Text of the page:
In 1976, the Del Norte County Unified School District was looking to change the location alternative education sites and creating a continuation high school. The preferred spot was the old Dodge garage on Northcrest Drive.
The garage building was leased and included the relocation of the agriculture program that has recently lost its “home.” The owner of the building, Ardella Miller lowered the rent from her original asking price of $1,200 per month to $700.
An additional $71 a month was earmarked for insurance to cover the continuation and agriculture programs.
The district also hired Max Riley to head the continuation high school program. He had served in the psychology department of the school district, working with Roy Krause and Barbara Clausen who gave positive reports about his abilities.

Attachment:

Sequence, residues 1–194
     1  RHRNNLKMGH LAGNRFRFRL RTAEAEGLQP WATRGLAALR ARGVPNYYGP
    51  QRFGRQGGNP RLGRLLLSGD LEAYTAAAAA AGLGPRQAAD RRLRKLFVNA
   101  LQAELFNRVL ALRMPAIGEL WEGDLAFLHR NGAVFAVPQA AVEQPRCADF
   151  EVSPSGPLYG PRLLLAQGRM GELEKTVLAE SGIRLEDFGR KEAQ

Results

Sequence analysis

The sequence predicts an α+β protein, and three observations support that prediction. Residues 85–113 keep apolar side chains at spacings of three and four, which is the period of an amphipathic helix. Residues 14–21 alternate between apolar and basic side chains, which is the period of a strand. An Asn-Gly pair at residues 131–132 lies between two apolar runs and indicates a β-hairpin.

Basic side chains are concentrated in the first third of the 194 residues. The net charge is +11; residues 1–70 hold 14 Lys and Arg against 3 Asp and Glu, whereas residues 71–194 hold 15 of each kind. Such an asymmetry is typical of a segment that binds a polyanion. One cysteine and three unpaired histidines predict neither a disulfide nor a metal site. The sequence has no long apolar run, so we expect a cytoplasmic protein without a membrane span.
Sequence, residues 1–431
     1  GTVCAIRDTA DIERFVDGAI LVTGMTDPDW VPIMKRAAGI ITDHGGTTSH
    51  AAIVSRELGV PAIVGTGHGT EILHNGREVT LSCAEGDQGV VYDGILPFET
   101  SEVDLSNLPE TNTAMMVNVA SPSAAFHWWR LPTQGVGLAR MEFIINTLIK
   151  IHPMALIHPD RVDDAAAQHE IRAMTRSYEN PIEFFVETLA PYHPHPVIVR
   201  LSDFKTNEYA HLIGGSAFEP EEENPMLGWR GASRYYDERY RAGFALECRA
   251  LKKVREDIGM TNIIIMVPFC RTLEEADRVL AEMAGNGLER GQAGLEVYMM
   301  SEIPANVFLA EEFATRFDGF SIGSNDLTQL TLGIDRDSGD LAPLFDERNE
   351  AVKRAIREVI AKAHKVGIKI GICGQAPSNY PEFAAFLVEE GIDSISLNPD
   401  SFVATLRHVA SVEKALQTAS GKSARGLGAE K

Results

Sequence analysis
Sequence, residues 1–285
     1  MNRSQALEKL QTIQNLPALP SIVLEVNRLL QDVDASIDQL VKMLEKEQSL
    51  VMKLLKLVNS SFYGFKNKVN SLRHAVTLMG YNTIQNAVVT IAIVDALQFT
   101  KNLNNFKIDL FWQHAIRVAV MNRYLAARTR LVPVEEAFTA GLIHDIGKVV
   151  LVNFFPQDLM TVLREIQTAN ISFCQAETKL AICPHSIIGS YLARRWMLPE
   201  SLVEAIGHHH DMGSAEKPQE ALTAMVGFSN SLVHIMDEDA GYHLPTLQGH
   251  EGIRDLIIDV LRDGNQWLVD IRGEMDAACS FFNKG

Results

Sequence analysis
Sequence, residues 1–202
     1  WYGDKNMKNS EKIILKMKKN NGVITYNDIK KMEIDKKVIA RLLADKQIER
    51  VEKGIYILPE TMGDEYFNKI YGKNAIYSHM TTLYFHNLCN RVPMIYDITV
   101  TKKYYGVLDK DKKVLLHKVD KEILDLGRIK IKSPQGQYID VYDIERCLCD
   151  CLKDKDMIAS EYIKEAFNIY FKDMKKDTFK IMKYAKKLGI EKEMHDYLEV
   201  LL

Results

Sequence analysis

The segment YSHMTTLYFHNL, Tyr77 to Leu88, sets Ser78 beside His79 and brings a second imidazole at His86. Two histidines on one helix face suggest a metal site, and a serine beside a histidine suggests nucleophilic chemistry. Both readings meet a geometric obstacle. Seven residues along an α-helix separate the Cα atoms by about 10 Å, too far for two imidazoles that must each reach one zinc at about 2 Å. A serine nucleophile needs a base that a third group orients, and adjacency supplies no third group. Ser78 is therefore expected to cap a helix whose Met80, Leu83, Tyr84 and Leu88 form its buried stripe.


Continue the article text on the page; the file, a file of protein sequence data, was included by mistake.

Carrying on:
He was placed in charge of selecting five teachers who would press a reality-based curriculum, complete with basic education plus the ability to stay current with what the students need to succeed in the world. Riley planned to model behavior he wanted to instill in the students and wanted to do everything possible to keep them in school.
The expanded continuation program expected to have 50 students the first year and would have as its goal the support and input of the parents, instilling the basics needed for work, taking care of truancy problems, and “teaching them to fish instead of giving them a fish.”